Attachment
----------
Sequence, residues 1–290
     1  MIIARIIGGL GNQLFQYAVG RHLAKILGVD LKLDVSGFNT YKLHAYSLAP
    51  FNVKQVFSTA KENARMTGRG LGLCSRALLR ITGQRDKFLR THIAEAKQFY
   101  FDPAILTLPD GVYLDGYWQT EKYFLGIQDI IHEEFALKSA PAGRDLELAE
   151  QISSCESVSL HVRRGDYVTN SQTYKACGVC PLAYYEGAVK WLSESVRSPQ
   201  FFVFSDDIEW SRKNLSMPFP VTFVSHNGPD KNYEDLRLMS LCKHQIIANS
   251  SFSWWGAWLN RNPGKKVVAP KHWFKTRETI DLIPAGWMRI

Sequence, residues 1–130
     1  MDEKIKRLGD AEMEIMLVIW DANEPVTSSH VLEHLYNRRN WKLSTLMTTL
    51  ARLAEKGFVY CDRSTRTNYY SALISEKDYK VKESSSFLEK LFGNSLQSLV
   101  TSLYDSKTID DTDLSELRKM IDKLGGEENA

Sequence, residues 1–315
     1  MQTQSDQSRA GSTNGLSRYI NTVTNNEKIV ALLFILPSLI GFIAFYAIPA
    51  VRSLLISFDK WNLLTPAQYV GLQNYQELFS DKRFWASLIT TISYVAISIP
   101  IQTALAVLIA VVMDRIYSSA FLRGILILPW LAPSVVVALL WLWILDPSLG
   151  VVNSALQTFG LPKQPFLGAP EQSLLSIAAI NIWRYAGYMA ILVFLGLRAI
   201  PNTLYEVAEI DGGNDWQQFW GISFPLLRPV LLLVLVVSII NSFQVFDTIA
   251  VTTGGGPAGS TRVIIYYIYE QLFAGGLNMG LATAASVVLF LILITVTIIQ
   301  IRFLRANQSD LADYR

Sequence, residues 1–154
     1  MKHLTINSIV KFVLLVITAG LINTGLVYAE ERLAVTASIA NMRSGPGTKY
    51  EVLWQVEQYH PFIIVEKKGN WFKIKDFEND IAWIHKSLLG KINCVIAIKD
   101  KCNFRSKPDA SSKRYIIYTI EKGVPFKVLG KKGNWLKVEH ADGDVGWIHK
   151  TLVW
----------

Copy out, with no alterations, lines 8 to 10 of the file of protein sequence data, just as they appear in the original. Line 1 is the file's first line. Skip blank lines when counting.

Sequence, residues 1–130
     1  MDEKIKRLGD AEMEIMLVIW DANEPVTSSH VLEHLYNRRN WKLSTLMTTL
    51  ARLAEKGFVY CDRSTRTNYY SALISEKDYK VKESSSFLEK LFGNSLQSLV